knitr::opts_chunk$set(collapse = TRUE,comment = "#",fig.width = 5, fig.height = 3,fig.align = "center", fig.cap = " ",dpi = 120)

This vignette demonstrates `susieR`

in the context of genetic
fine-mapping. We use simulated data of expression level of a gene
($y$) in $N \approx 600$ individuals. We want to identify with the
genotype matrix $X_{N\times P}$ ($P=1001$) the genetic variables that
causes changes in expression level.

The simulated data set is simulated to have exactly 3 non-zero effects.

library(susieR) set.seed(1)

data(N3finemapping) attach(N3finemapping)

The loaded dataset contains regression data $X$ and $y$, along with some other relevant properties in the context of genetic studies. It also contains the "true" regression coefficent the data is simulated from.

Notice that we've simulated 2 sets of $Y$ as 2 simulation replicates. Here we'll focus on the first data-set.

```
dim(Y)
```

Here are the 3 "true" signals in the first data-set:

b <- true_coef[,1] plot(b, pch=16, ylab='effect size')

which(b != 0)

So the underlying causal variables are 403, 653 and 773.

`univariate_regression`

function can be used to compute
summary statistics by fitting univariate simple regression variable by variable.
The results are $\hat{\beta}$ and $SE(\hat{\beta})$ from which z-scores can be
derived. Again we focus only on results from the first data-set:

sumstats <- univariate_regression(X, Y[,1]) z_scores <- sumstats$betahat / sumstats$sebetahat susie_plot(z_scores, y = "z", b=b)

`susieR`

For starters, we assume there are at most 10 causal variables, i.e.,
set `L = 10`

, although SuSiE is robust to the choice of `L`

.

The `susieR`

function call is:

fitted <- susie(X, Y[,1], L = 10, verbose = TRUE)

By default, we output 95% credible set:

print(fitted$sets)

The 3 causal signals have been captured by the 3 CS reported here. The
3rd CS contains many variables, including the true causal variable
`403`

. The minimum absolute correlation is 0.86.

If we use the default 90% coverage for credible sets, we still capture the 3 signals, but "purity" of the 3rd CS is now 0.91 and size of the CS is also a bit smaller.

sets <- susie_get_cs(fitted, X = X, coverage = 0.9, min_abs_corr = 0.1)

```
print(sets)
```

Previously we've determined that summing over 3 single effect regression models is approperate for our application. Here we summarize the variable selection results by posterior inclusion probability (PIP):

susie_plot(fitted, y="PIP", b=b)

The true causal variables are colored red. The 95% CS identified are circled in different colors. Of interest is the cluster around position 400. The true signal is 403 but apparently it does not have the highest PIP. To compare ranking of PIP and original z-score in that CS:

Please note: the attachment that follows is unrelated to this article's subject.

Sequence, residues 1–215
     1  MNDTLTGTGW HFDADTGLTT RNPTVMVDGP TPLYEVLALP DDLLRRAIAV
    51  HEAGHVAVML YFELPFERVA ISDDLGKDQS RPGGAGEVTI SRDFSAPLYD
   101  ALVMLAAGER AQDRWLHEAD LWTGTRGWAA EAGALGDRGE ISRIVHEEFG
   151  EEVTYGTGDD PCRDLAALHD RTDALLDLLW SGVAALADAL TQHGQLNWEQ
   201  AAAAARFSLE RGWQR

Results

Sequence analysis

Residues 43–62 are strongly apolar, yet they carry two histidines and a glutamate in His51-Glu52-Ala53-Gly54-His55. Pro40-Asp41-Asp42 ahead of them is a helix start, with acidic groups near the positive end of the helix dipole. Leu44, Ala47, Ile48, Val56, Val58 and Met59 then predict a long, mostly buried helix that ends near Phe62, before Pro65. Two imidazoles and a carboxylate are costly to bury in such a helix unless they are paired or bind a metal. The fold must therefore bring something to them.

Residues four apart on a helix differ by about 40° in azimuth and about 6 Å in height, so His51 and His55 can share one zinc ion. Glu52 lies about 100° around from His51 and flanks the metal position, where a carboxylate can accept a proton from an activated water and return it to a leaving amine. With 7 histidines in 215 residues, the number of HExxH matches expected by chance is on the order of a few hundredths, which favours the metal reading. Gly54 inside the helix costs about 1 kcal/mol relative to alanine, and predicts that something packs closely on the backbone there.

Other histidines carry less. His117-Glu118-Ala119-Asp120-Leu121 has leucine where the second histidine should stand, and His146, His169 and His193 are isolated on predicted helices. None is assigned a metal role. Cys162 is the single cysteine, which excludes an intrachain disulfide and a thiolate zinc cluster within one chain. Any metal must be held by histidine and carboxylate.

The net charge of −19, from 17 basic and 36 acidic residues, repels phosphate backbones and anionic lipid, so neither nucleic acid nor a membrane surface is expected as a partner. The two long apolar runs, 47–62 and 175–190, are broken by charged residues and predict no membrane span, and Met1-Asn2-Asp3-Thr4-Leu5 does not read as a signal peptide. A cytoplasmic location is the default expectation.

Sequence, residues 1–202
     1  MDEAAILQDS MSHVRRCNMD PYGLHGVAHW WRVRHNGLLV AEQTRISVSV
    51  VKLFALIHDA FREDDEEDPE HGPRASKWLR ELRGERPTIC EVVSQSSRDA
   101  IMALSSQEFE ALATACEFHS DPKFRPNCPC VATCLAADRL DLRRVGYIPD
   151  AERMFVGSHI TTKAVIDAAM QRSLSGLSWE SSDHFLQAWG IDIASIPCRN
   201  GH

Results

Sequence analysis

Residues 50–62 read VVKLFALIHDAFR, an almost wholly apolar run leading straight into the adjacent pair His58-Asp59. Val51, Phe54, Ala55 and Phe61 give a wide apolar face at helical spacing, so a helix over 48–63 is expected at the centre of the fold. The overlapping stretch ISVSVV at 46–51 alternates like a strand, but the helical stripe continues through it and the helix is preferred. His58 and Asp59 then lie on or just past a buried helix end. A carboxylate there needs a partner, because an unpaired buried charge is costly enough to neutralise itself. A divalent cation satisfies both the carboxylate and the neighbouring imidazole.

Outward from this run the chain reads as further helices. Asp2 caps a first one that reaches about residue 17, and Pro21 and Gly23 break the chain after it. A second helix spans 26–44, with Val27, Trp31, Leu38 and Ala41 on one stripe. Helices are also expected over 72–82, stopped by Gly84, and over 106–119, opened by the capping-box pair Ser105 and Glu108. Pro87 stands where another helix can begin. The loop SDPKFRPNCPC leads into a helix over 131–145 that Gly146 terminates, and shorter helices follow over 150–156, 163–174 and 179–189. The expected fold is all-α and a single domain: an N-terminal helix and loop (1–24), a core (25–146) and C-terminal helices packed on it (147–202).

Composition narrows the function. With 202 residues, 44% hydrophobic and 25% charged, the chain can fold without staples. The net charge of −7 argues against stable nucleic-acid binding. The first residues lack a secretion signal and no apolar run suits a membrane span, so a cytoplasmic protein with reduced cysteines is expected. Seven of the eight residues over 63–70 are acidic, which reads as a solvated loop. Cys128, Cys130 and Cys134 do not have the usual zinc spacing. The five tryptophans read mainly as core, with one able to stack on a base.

i <- fitted$sets$cs[[3]] z3 <- cbind(i,z_scores[i],fitted$pip[i]) colnames(z3) <- c('position', 'z-score', 'PIP') z3[order(z3[,2], decreasing = TRUE),]

Notice that by default SuSiE estimates prior effect size from data. For
fine-mapping applications, however, we sometimes have knowledge of SuSiE prior effect
size since it is parameterized as percentage of variance explained (PVE) by a non-zero effect,
which, in the context of fine-mapping, is related to per-SNP heritability. It is possible
to use `scaled_prior_variance`

to specify this PVE and explicitly set `estimate_prior_variance=FALSE`

to fix the prior effect to given value.

In this data-set, SuSiE is robust to choice of priors. Here we set PVE to 0.2, and compare with previous results:

fitted = susie(X, Y[,1], L = 10, estimate_residual_variance = TRUE, estimate_prior_variance = FALSE, scaled_prior_variance = 0.2) susie_plot(fitted, y='PIP', b=b)

which largely remains unchanged.

To include covariate `Z`

in SuSiE, one approach is to regress it out from both `y`

and `X`

, and then run SuSiE on the residuals. The code below illustrates the procedure:

remove.covariate.effects <- function (X, Z, y) { # include the intercept term if (any(Z[,1]!=1)) Z = cbind(1, Z) A <- forceSymmetric(crossprod(Z)) SZy <- as.vector(solve(A,c(y %*% Z))) SZX <- as.matrix(solve(A,t(Z) %*% X)) y <- y - c(Z %*% SZy) X <- X - Z %*% SZX return(list(X = X,y = y,SZy = SZy,SZX = SZX)) } out = remove.covariate.effects(X, Z, Y[,1]) fitted_adjusted = susie(out$X, out$y, L = 10)

Note that the covariates `Z`

should have a column of ones as the first column. If not, the above function `remove.covariate.effects`

will add such a column to `Z`

before regressing it out.
Data will be centered as a result. Also the scale of data is changed after regressing out `Z`

.
This introduces some subtleties in terms of interpreting the results.
For this reason, we provide covariate adjustment procedure as a tip in the documentation
and not part of `susieR::susie()`

function. Cautions should be taken when applying this procedure and interpreting the result from it.

Here are some details about the computing environment, including the versions of R, and the R packages, used to generate these results.

```
sessionInfo()
```

**Any scripts or data that you put into this service are public.**

Embedding an R snippet on your website

Add the following code to your website.

For more information on customizing the embed code, read Embedding Snippets.